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POL 491 NIMBYism at Home and Abroad: U.S. Govt. Resources

Provides access to scholarly and governmental resources on the environmental politics and policy phenomenon known as Not in My Backyard (NIMBY)

U.S. Government Resources

Numerous U.S. Government resources are available for discussing and researching NIMBY topics.  These include:


Toxic Release Inventory. (TRI) (This Environmental Protection Agency (EPA) documents hazardous waste emissions in the U.S.
American Factfinder (Census Bureau resource providing economic and demographic information about about multiple regions within the U.S. including the location of hazardous waste facilities.
Energy Information Administration (Energy Dept's statistical branch analyzing many U.S. and international sectors of the energy industry and related environmental matters (Provides one-stop access to major U.S. legal, legislative, and regulatory resources from 1994-present.).  Particularly noteworthy are the Code of Federal Regulations (CFR) which contains the text of regulations U.S. Government agencies use to enforce federal laws, (Title 40 features environmental regulations), the Federal Register featuring the text of proposed and newly adopted federal regulations, and which gives individuals and opportunities to comment on proposed federal agency regulations and see the comments made by other individuals and organizations.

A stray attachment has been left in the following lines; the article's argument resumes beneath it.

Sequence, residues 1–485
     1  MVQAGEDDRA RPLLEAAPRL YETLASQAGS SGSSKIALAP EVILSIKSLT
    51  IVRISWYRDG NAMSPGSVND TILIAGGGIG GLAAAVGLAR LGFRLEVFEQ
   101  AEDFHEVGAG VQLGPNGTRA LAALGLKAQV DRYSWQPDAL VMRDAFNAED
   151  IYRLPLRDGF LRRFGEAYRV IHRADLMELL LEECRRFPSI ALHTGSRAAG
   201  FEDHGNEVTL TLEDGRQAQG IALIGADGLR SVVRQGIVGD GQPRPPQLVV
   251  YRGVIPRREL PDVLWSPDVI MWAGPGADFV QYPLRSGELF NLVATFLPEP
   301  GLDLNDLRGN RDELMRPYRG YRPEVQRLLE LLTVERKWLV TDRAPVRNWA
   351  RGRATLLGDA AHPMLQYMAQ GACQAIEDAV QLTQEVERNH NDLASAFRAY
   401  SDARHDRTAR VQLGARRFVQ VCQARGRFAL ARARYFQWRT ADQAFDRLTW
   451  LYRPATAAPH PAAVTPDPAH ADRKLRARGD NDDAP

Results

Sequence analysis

Nuclear Regulatory Commission (Agency responsible for regulating the civilian nuclear power industry.)
Environmental Protection Agency
EPA Yucca Mountain Standards
FEMA Map Service Center (Contains flood insurance maps)
Local Climatological Data (Historic and recent climate data from selected U.S. weather stations.
Pipeline and Hazardous Materials Safety Administration (Transportation Dept. agency responsible for protecting people and the environment from hazardous materials transportation risks.
State Dept. Keystone Pipeline
U.S. Geological Survey (Geological studies of U.S. and foreign areas.)

Congressional Sources

The U.S. Congress is responsible for approving new laws, revising existing laws, funding government programs, and conducting oversight of these programs management performance.  This is done by various congressional committees and congressional support agencies.  Examples include:

Congressional Record (Includes the complete text of congressional bills, amendments, speeches by Representatives and Senators, and recorded votes.)
House Energy & Commerce Committee
Senate Environment & Public Works Committee
Congressional Budget Office (Examines budgetary implications of federal programs)
Congressional Research Service (Courtesy:  University of North Texas Library)
Congressional Research Service (Courtesy:  Library of Congress 2018-present)
Government Accountability Office (Reports on government program management performance)

Subject Specialist